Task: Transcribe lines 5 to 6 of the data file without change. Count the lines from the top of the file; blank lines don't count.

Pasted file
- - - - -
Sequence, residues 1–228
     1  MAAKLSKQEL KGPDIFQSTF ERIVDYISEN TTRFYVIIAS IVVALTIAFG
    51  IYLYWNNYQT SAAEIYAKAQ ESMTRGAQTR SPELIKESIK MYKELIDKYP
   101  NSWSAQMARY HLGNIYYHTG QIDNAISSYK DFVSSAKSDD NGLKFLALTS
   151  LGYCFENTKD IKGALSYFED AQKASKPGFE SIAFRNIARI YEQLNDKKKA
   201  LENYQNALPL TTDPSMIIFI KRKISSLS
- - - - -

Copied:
   151  LGYCFENTKD IKGALSYFED AQKASKPGFE SIAFRNIARI YEQLNDKKKA
   201  LENYQNALPL TTDPSMIIFI KRKISSLS